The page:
It is not critical that instruments are fully cleaned prior to autoclaving. The autoclave kills everything within the chamber anyway.
Cleaning to remove debris and organic contamination from instruments should always occur before disinfection or sterilization. If blood or other contaminants are not removed, these materials can shield microorganisms and compromise the disinfection or sterilization process.1,2 In other words, cleaning always supersedes sterilization. If instruments cannot be processed right away, instruments may be placed in a holding tank or enzymatic sprays or gels may be utilized to prevent debris from hardening or crusting on instruments.
Myth No. 4
Ultrasonics and instrument washers/disinfectors will remove all dental materials in addition to organic debris.
Dental materials—such as cements, composites, and glass ionomers—should be removed chairside prior to instrument cleaning. It is very difficult to remove crusted dental materials from dental instruments, and mechanical cleaning methods (such as an ultrasonic or washer/disinfector) and hand scrubbing may not be effective at removing cured materials. A simple way to remove these materials is to carefully remove the debris with a cotton roll or gauze at the point of use before the materials have a chance to harden or cure.
Myth No. 5
If all instrument packages have an external indicator, there is no need to place an internal indicator.
Chemical indicators monitor the presence of one or more of the key sterilization process parameters such as time, temperature, and the presence of steam or chemical vapor. A chemical indicator should be used inside every package to verify that the sterilant has penetrated the package and reached the instruments inside. If the internal indicator cannot be seen from outside the package, an external indicator should also be used.1,2 It is important to note that chemical indicators do not guarantee that sterilization has occurred; however, they do help detect errors and equipment malfunctions. Clinical personnel should inspect the indicators immediately after removing packages from the autoclave. If the appropriate color change did not occur, the instruments should not be used and should be reprocessed entirely. In addition to a chemical indicator in each pack, a best practice option would be to add an integrator to each load that will test all critical variables of steam sterilization (time, temperature, and presence of steam).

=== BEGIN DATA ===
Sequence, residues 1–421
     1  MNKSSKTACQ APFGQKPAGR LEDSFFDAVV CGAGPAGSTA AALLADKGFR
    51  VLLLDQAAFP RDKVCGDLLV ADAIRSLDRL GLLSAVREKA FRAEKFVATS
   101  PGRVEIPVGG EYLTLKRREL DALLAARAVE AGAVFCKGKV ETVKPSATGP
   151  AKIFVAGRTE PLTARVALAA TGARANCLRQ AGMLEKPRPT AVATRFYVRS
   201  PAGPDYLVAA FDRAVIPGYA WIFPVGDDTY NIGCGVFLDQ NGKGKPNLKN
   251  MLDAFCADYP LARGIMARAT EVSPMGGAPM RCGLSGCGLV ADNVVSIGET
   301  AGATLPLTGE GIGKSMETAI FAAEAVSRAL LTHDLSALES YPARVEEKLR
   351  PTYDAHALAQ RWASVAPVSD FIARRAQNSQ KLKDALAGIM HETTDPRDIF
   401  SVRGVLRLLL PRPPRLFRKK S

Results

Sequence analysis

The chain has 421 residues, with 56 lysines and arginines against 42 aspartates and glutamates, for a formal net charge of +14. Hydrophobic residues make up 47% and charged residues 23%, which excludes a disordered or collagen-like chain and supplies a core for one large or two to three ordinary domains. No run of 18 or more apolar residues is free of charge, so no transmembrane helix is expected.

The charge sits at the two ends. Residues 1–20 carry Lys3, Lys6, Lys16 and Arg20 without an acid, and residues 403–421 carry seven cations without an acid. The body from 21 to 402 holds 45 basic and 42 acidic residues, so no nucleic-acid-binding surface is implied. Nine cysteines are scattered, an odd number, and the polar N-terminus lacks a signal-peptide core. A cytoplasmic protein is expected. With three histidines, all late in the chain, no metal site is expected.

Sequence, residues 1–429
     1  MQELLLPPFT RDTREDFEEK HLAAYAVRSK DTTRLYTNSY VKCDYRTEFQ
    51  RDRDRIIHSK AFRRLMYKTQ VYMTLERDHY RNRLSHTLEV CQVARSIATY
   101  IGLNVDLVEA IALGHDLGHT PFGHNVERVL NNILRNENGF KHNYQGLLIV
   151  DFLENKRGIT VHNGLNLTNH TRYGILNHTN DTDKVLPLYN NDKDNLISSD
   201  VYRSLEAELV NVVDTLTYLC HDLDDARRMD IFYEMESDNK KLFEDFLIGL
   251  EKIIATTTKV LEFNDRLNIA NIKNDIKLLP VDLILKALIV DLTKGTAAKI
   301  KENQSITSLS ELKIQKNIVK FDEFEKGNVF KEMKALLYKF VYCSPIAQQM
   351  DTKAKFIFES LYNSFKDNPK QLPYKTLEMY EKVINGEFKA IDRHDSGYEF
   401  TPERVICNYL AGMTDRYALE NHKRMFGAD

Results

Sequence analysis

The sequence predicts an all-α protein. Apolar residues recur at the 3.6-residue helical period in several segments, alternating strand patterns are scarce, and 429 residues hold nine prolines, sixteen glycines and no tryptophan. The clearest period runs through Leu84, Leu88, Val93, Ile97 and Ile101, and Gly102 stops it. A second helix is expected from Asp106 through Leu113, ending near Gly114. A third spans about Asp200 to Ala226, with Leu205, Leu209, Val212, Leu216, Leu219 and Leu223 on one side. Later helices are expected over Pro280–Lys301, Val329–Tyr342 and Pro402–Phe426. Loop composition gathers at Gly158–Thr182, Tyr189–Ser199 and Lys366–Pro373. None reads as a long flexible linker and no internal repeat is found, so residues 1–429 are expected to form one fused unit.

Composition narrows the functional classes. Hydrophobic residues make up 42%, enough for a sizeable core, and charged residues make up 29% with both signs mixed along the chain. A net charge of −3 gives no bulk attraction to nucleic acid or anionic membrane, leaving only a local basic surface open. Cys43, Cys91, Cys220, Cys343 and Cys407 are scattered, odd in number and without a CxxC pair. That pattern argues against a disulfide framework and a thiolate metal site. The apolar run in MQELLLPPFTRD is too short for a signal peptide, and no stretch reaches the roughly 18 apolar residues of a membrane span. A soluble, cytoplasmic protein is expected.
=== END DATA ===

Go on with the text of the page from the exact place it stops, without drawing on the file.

Instrument processing is the most important component of an infection prevention program. It is a complex process that requires specialized equipment, adequate space, qualified personnel, and routine monitoring for quality assurance. As dental personnel process instruments for safe patient care, it is important that they receive education and training from credible sources regarding the entire instrument processing protocol including transport, cleaning, packaging, sterilization, and storage.
CDC Guidelines continue to be the gold standard for infection control in the dental setting. Clinicians should also consult the manufacturer’s instructions for reprocessing dental instruments for each reusable instrument or device. Another excellent resource for clinicians is the Organization for Safety, Asepsis and Prevention (OSAP). OSAP offers an extensive online collection of resources, publications, FAQs, checklists, and toolkits that help dental professionals deliver the safest dental visit possible for their patients.3 These resources and others based upon scientific evidence and reviewed by authorities on infection control, academia, and other professional organizations will help dental personnel obtain credible information about instrument processing—and avoid the myths!
1. Kohn WG, Collins AS, Cleveland JL, Harte JA, Eklund KJ, Malvitz DM. Centers for Disease Control and Prevention (CDC). Guidelines for infection control in dental health-care settings—2003. MMWR Recomm Rep. 2003;52(RR-17):1-61.
2. Centers for Disease Control and Prevention. Summary of Infection Prevention Practices in Dental Settings: Basic Expectations for Safe Care. Atlanta, GA: Centers for Disease Control and Prevention, US Dept of Health and Human Services. https://www.cdc.gov/oralhealth/infectioncontrol/pdf/safe-care2.pdf. Published October 2016. Accessed September 29, 2017.
3. Organization for Safety, Asepsis and Prevention website. www.osap.org. Accessed September 29, 2017.
Marie T. Fluent, DDS, is an educational consultant for the Organization for Safety, Asepsis and Prevention. Her 30-year career includes roles as a dental assistant, office manager, dentist, infection control coordinator, speaker, author, educator, clinical instructor, and infection control consultant. She has educated thousands of dental professionals and students through her webinars, lectures, and peer-reviewed articles on infection control, OSHA compliance, and responsible antibiotic prescribing.